Description of problem:
Currently heat blacklists the node indices of the overcloud nodes which fail to become part of the overcloud stck and are later removed manually by the user. These node indices permanently remain in blacklisted state :
MariaDB [heat]> select resource_data.value,resource.name from resource,resource_data where resource_data.`key`="name_blacklist" and resource_data.resource_id=resource.id;
| value | name |
| 5 | Compute |
1 row in set (0.00 sec)
There should be a way to allow heat to remove these indices from blacklist and allow it to assign it to same or different overcloud nodes during the next scale-out operation.
This is frustrating at times when there are large no.of.failed scaleout nodes
and the indices are sparsely assigned to the overcloud nodes seen in 'nova list':
1. it makes a novice user confusing as to why is the numbering not in a serial order.
2. When one compares the output of nova list against ironic node-list, one cant co-relate the node hostnames that are assigned - due to the blacklisted indices.
3. There are some customers who want to maintain strict operational standards based on (2).
Version-Release number of selected component (if applicable):
# OSP-10 : openstack-tripleo-0.0.8-0.2.4de13b3git.el7ost.noarch
The way that blacklists work in Heat - where they're sticky, and nodes remain blacklisted even if they're removed from the blacklist - was designed by and for TripleO. The reason is that blacklisting a node is not generally something you want to do in your templates, it's something you decide on the fly. So if Heat didn't maintain the state of the blacklist outside of the property value then you'd need to maintain that state externally. (If you don't remember the blacklist then you end up deleting healthy members at higher indices to fill in the gaps at lower indices.) In any event, it's impossible to change this behaviour without breaking existing templates anyway.
This isn't a great design, and in fact ResourceGroups and predictable indices aren't great ideas in general IMHO. For that reason heat introduced the "resource mark unhealthy" command, which aims to achieve the same purpose out of band of the templates, which more closely matches how it's actually used. Unfortunately because of TripleO's heavy reliance on predictable indices being matched up with predefined data such as hostnames and IP addresses, it is unable to make use of mark-unhealthy because Heat creates the replacement resource before removing the unhealthy one, and conflicts ensue.
One thing that could be improved in Heat is that if the ResourceGroup is scaled down below the level of a blacklisted index, that index could become available again on the next scale up. So if e.g. you had members 0, 1 & 3 with 2 blacklisted and you scaled down to size 2 (deleting 3), then when you scaled up again the next member would have index 2 instead of 3 unless 2 was _currently_ blacklisted in the template. This would improve usability slightly and probably shouldn't break most existing users, although technically it would be a change in behaviour. I'm not sure how big a difference it would make on the TripleO use case, though... OpenStack clouds don't tend to get smaller very often.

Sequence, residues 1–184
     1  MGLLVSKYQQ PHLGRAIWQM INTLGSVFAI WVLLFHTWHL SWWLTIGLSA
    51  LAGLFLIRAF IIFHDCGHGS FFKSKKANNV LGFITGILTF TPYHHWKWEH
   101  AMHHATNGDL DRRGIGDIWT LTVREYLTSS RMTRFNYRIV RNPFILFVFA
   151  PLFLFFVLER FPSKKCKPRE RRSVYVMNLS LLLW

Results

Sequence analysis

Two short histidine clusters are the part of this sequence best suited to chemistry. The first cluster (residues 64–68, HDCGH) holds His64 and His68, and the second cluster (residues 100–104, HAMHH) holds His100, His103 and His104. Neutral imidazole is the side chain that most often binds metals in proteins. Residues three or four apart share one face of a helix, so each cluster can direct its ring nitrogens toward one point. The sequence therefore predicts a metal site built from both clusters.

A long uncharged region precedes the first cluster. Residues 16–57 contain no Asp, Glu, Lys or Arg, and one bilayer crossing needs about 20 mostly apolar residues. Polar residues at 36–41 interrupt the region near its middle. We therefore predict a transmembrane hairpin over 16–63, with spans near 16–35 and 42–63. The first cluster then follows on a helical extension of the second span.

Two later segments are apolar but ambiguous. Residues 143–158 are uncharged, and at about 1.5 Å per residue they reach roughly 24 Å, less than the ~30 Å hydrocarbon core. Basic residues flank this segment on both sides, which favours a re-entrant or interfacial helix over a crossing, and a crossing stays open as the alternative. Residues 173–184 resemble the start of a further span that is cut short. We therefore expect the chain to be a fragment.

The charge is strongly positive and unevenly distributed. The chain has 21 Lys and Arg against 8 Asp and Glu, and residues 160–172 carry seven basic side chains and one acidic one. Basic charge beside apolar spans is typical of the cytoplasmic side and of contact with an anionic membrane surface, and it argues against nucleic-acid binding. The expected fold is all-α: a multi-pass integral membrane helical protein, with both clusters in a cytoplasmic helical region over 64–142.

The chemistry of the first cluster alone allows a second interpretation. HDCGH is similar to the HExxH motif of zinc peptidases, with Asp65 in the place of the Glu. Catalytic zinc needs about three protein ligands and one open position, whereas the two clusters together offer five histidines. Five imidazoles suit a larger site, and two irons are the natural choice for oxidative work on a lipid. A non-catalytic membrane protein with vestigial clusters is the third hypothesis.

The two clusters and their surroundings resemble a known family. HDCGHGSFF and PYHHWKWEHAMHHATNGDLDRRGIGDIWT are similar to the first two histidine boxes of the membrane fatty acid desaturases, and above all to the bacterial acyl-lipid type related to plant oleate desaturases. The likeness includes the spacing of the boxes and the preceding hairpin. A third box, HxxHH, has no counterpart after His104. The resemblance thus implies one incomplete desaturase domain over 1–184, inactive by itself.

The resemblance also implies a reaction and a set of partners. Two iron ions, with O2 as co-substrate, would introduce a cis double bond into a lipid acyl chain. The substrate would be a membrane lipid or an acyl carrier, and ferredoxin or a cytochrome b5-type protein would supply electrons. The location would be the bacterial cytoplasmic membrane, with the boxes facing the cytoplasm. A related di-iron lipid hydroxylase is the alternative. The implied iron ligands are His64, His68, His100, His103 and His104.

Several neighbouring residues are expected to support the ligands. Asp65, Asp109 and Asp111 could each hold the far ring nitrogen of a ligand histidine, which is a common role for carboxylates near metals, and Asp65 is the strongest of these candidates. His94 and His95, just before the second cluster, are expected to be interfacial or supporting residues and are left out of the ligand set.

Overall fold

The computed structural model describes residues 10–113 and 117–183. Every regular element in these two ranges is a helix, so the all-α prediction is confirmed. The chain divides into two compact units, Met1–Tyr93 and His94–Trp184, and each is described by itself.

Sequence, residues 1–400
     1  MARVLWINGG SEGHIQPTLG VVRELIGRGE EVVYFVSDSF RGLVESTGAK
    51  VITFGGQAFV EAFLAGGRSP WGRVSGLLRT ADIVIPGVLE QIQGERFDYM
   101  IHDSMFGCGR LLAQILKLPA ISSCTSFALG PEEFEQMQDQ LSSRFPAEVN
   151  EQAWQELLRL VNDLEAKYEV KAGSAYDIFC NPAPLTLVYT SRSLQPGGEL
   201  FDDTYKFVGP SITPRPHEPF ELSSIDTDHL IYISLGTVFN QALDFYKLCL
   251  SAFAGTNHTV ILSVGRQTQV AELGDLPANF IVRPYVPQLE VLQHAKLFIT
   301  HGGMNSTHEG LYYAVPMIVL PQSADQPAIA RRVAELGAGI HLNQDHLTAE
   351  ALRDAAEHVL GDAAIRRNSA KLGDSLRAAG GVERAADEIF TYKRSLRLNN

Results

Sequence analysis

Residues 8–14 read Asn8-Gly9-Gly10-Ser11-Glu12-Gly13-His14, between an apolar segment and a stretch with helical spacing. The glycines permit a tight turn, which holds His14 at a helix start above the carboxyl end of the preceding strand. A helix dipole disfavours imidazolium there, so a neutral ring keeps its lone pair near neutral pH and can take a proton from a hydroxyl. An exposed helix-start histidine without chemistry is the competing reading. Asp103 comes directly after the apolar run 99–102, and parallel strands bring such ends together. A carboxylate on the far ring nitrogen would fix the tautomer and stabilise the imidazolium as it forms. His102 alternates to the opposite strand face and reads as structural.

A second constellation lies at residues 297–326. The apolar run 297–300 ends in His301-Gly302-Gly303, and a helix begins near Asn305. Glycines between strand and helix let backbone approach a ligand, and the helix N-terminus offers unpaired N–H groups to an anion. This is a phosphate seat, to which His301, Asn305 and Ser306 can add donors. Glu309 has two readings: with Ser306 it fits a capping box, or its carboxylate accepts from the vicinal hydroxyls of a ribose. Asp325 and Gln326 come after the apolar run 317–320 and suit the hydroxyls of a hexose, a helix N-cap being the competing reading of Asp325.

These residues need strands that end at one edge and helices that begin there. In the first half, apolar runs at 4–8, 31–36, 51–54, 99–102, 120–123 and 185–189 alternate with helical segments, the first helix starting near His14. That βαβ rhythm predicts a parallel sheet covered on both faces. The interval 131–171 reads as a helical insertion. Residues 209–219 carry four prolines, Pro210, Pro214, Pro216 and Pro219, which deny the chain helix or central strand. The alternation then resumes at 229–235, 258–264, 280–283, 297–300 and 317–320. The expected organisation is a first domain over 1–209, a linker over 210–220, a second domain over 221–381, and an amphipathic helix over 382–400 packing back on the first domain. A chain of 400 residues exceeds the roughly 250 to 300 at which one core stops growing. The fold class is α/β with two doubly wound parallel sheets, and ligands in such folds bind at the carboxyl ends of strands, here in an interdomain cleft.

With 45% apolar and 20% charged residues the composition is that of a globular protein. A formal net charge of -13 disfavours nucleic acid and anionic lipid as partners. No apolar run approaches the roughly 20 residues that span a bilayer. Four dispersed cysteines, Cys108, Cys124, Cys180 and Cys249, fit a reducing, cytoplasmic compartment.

Another possibility is that we could add a whitelist property to remove stuff from the blacklist. Obviously support for using that would then have to be added to TripleO.
It sounds like the problem is being exacerbated by the fact that TripleO no longer has a scale-down command but always uses node-delete (which permanently blacklists an index) for scaling down.
The feature that merged upstream was a new 'removal_policies_mode' property on OS::Heat::ResourceGroup. The default value of this property is 'append', which maintains the previous behaviour: once a resource is blacklisted, it is blacklisted permanently so adding additional members to the removal_policies adds them to the blacklist, but removing entries in the removal_policies has no effect.
If the 'removal_policies_mode' is changed to 'update', the blacklist is set to the *current* contents of the removal policies, so if the user has removed any entries from there they will no longer be blacklisted and those members will get created (if their indices are smaller than the size of the group).
To test this out you could do something like:
* Create a ResourceGroup
* update with removal_policies, check that resource(s) are deleted
* update with no/fewer removal_policies, check that nothing changes
* update removal_policies_mode to 'update', check that new resources are created
tested manually according the test case, verified
Since the problem described in this bug report should be
resolved in a recent advisory, it has been closed with a
resolution of ERRATA.
For information on the advisory, and where to find the updated
files, follow the link below.
If the solution does not work for you, open a new bug report.